Septic System

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Hurricane Katrina and those poor souls trapped in the SuperDome brought home to everyone the importance of a good sewer system.  This little understood, yet vital, innovation of the modern world is not to be taken for granted.  Many of the water quality problems in the Puget Sound area are directly attributed to failing septic systems.  Sewage systems may not be green, but they are important to the health of our environment and those who live in it.

(Aside, when we lived near Haslemere in England, there was a door that read, By Appointment to Her Royal Highness Queen Elizabeth, the royal nose gazer.  Nose gaze is a small sack of herbs and fragrances tied around the head ,so that the nose smells it.  This was to relieve the stench of London from the lack of a Royal Sewer System.)

We have all the modern conveniences delivered to our property ... water, electricity, cable TV, and a paved road.  But, we needed to build our own sewage system.  Fortunately for us, there was a septic plan filed and approved before we purchased the lot, so we were ahead of the game and did not need to spend much time with the county health department. 

Our lot had at least 8 perk  tests hole (holes roughly 6 feet deep by 15 foot long) when we bought it.  The engineer was looking for a good place to locate out drain field ... the area where our gray and black water would be deposited and allowed to percolate into the soil.  The permit had the drain field on particularly sandy soil with good water percolation but it was near the edge of a steep hill.  I am not an engineer, but I assume our engineer knows what he is doing.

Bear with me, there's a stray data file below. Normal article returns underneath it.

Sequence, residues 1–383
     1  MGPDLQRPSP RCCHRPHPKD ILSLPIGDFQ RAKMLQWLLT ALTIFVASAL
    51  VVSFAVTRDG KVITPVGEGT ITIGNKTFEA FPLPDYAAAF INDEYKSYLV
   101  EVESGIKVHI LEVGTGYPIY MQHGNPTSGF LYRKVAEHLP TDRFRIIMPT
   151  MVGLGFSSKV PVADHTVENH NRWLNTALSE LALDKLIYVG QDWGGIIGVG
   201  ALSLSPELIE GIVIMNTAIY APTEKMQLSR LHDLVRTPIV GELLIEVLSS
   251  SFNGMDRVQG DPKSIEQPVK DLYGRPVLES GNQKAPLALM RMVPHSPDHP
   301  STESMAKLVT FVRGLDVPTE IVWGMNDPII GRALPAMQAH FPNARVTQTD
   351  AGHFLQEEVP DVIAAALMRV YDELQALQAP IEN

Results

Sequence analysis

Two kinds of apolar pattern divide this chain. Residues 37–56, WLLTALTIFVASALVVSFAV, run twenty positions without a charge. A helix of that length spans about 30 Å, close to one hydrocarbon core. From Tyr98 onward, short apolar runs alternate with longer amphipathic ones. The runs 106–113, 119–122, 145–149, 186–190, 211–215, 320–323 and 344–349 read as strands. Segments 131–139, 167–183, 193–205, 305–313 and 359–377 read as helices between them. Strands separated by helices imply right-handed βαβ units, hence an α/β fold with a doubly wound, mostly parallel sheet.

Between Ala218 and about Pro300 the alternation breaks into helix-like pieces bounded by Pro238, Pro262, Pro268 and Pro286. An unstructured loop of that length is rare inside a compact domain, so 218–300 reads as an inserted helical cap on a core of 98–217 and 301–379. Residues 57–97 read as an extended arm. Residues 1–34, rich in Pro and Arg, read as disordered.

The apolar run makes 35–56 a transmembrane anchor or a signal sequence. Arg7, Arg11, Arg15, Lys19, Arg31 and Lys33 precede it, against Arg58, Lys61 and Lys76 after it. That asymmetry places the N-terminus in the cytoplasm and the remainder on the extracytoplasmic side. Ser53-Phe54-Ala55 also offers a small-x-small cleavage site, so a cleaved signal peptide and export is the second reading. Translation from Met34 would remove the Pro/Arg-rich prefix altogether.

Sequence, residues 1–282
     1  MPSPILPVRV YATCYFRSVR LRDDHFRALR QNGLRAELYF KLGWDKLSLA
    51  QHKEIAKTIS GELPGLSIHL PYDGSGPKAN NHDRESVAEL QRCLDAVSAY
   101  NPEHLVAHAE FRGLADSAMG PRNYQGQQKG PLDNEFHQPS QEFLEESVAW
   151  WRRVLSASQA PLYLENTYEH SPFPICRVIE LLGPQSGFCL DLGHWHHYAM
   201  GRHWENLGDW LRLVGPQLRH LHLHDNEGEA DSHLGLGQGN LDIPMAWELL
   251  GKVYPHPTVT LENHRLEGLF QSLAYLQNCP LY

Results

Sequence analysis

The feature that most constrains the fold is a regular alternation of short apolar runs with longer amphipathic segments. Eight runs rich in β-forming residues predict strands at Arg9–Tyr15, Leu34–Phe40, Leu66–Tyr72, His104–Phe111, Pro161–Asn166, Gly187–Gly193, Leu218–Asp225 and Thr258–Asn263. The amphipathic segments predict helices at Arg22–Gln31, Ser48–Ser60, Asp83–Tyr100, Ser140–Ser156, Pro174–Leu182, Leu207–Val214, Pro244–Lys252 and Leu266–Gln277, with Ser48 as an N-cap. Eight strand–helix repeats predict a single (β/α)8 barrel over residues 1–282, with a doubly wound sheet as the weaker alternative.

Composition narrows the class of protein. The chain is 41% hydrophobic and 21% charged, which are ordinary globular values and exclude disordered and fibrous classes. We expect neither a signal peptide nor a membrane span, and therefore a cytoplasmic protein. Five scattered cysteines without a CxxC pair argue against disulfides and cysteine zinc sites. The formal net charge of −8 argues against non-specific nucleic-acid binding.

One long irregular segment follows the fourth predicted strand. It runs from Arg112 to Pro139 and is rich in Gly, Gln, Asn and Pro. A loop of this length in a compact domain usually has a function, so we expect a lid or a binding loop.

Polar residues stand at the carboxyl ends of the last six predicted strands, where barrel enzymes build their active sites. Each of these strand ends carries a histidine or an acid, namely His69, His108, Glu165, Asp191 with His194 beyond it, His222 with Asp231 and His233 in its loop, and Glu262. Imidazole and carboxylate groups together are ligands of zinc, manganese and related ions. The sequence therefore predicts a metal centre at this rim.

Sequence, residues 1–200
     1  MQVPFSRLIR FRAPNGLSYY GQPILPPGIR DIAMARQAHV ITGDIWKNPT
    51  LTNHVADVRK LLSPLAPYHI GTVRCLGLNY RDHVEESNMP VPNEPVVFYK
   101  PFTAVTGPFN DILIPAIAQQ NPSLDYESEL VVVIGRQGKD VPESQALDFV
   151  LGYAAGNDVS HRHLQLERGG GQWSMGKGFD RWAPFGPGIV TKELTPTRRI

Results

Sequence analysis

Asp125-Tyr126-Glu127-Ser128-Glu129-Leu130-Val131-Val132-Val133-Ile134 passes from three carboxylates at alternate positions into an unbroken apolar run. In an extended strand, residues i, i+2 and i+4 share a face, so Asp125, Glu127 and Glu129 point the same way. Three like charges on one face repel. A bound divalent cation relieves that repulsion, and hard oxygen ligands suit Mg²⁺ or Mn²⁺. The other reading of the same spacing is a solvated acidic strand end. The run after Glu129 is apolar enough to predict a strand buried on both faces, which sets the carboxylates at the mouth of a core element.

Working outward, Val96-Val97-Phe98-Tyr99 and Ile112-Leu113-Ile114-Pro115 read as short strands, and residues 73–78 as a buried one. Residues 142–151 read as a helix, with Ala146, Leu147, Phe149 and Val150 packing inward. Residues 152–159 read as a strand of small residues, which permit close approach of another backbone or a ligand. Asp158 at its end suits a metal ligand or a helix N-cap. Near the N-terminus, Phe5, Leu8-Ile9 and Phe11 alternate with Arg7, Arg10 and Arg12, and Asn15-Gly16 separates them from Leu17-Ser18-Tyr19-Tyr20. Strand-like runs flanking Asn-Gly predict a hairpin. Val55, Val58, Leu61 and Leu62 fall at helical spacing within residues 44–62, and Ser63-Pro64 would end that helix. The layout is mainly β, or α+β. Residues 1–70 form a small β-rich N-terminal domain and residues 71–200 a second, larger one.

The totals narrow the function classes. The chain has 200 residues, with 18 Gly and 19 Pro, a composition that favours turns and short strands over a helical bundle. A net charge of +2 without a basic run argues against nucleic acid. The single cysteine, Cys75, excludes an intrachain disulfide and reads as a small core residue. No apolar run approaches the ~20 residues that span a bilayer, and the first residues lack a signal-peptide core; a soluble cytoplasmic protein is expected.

Since no one ever sees the septic system, these photos show you the quantity of tanks and digging required for a modern septic system.  The drain field is something like 12 foot by 96 feet.  There are two giant concrete tanks, one to collect the sewage and one for liquid to be pumped into. The liquid is then pumped to the drain field where it is sprayed onto the PVC shells to spread it and allow percolation into the soil. (OK there is PVC used here, but do you really want to experiment on your sewer system?)

The one important thing I learned about plumbing this system is that the internal home sewage pipes need a slope of around 1/4in per foot, and it is better to have gravity operate as much of the system as possible to save energy pumping.

With the installation of the septic system, we are finally done with digging.  We moved dirt to create a good level foundation, then we dug the foundation out of the compacted fill, then we dug out the plumbing runs, then we dug out the garage, a bit more digging for the cistern and platform and down spouts, and finally the septic system.  We can now bring in good soil and plant grass and a few trees and shrubs before the winter.  The inspector needs to come, and we are racing against the clock.


We welcome your comments on this site.
You can email Christine Garst at
cbgarst@aol.com
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